On Sunday, I went to see Aleksander Gorodnitsky, well known amongst Russian speaking people song writer, poet, and scientist. He is very talented and very modest.
He was telling us some stories about his life, about his songs and poems. He sang, recited poems and then showed a movie that he recently created called “In search of Yiddish” «В ПОИСКАХ ИДИША».
The movie was a great documentary about him searching for his family roots in Belorussia. He found that there are no Jews left in the shtetles that used to be heavily populated with Jewish people in 19th and beginning of 20th century, who spoke mainly Yiddish. The movie made me cry and laugh.
It raised a question about this language Yiddish, where did it come from? Why Chasidic Jews speak it today? Apparently it was forbidden in Israel because they wanted everyone to learn Hebrew instead.
Thinking about his trip to Belorussia where he found 1 or 2 or 4 elderly Jews who still lived in those rural areas gave me somewhat weird feeling. I was trying to understand if it is sad or not that Jews don’t live there anymore.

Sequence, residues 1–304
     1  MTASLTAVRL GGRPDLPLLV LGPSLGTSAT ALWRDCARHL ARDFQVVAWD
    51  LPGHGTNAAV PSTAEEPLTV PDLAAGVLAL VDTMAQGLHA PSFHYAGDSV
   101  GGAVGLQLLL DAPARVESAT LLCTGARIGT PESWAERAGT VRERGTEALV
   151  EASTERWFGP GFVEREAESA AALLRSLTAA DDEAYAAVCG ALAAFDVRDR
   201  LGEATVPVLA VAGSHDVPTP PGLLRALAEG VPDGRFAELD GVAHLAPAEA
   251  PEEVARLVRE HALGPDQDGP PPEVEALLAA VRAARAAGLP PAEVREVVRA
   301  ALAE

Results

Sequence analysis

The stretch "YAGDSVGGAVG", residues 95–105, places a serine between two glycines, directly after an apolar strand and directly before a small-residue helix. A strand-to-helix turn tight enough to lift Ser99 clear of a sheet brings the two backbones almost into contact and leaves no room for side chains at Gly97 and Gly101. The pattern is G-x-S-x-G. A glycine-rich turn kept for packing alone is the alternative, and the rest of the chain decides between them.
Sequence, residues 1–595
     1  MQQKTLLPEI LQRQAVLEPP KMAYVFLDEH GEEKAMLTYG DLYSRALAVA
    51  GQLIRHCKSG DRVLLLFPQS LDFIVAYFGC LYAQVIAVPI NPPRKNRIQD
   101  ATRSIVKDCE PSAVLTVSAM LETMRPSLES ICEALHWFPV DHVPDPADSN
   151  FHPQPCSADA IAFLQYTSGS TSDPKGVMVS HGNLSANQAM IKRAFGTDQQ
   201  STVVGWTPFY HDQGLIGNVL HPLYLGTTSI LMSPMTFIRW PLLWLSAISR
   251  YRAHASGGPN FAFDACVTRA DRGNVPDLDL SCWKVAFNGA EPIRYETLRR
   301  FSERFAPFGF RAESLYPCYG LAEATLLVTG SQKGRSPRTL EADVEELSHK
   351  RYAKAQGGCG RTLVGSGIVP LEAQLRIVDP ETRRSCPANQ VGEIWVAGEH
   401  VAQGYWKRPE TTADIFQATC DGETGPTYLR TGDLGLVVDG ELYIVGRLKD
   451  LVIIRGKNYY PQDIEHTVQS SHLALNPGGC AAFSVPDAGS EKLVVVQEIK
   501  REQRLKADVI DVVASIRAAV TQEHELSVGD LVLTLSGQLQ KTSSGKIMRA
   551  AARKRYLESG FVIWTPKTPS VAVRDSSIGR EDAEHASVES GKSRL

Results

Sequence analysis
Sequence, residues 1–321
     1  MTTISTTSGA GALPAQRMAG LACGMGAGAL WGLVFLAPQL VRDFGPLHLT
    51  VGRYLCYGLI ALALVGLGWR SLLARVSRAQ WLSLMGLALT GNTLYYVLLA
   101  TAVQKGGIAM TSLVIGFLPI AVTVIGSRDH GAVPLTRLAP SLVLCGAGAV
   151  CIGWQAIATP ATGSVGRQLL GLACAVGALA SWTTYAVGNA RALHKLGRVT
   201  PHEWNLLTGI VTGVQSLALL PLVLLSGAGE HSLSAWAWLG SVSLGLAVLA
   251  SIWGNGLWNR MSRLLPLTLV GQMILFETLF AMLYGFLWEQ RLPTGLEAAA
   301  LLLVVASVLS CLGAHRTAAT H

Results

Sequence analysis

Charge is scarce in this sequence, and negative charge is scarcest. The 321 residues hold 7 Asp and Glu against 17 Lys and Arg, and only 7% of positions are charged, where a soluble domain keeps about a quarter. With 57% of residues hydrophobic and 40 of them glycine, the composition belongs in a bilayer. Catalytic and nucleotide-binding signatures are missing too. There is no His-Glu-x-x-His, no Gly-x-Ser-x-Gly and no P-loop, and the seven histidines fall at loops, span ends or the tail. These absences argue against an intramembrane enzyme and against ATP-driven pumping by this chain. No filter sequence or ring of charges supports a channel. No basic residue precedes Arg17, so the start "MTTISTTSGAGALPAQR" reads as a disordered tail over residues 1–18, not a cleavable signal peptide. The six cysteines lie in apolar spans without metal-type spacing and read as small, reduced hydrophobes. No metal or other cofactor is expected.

Of course it is very sad that thousands died during the WWII in those towns, but the rest of the people moved to bigger cities, to USA, Israel, Germany, Australia and other countries.
I was even thinking and trying to draw parallels, would it be interesting to go to Egypt after Jews fled in exodus and explore if there are any Jews left and what is left of their culture?
This thought was even more obvious when Gorodnitsky recited a poem about his life and which geographic area is his home. Unfortunately I forgot the name of the poem and couldn’t find it. For about 30 years of his life he traveled in expeditions all overt he world. He continues to travel a lot but has not made a decision to immigrate. He still resides in St Petersburg Russia.
The two poems really stood out were Родство по слову and Монолог Моисея
( Read poems (in Russian) and watch short video... )